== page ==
Are we efficient? Friendly? Do we talk the same language as each other?
Are we on each other’s wavelength? Is there some connection between us?
Do we project enough? Too much? These impressions are lasting and very important.
Behind these questions lies the basic issue of communication. How you are perceived is crucial to success. And if that is also applied to your less formal days, the level of communication becomes more critical. Judgements will be made about you subconsciously; judgements about your credibility, ability, status and power, as well as your poise, dress sense and general demeanour.
The same rules of appropriateness apply every day of your working week, whether you’ve dressed up or dressed down.
What holds people back in their careers is confidence – or rather lack of it. Clothes and accessories are an amazingly powerful tool. They give us confidence and inspire others to have confidence in us.
A keen eye for what is right, with prudent judgement, will ensure an upright bearing and a confident attitude. Many professionals take to this like second nature, while others may need some discreet expert guidance.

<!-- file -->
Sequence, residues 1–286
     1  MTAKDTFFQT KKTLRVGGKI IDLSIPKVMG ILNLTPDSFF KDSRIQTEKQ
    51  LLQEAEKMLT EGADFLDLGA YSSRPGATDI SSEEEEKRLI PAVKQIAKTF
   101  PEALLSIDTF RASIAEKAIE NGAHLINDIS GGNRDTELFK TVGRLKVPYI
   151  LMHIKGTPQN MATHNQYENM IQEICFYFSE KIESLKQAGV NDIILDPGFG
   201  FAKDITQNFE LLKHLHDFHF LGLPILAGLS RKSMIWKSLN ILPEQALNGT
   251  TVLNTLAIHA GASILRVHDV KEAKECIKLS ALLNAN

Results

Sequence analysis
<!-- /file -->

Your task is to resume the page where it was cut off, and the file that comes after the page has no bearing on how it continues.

Sadly it’s still a common assumption that British business people feel they shouldn’t take clothes seriously. They think they’ll be accused of being frivolous when they should be concentrating on their job.
It’s a shame we don’t take a leaf out of the Americans’ book where they use everyone around them to develop their potential. We all know that image can break through that glass ceiling which we have built for ourselves.
Many professionals feel safe in their suits, like a uniform in the office.
But casual clothing, especially in this dot.com era, can be a much more challenging concept, but one which can be overcome. Business casual gear for the office can often be traumatic. How do you come over as professional and yet laid back?
Formal used to mean smart, now it just means stuffy. Appearance gives a strong non-verbal message and the relaxing of dress codes in all aspects of life can be very confusing and many will need help. If you dress casually at work, does that mean you’re not serious? How do you change your behaviour to address this situation?